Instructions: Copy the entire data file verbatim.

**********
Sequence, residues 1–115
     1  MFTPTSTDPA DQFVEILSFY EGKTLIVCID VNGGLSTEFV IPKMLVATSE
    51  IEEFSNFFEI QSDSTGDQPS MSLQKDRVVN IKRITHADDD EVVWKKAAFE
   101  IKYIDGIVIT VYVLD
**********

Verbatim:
Sequence, residues 1–115
     1  MFTPTSTDPA DQFVEILSFY EGKTLIVCID VNGGLSTEFV IPKMLVATSE
    51  IEEFSNFFEI QSDSTGDQPS MSLQKDRVVN IKRITHADDD EVVWKKAAFE
   101  IKYIDGIVIT VYVLD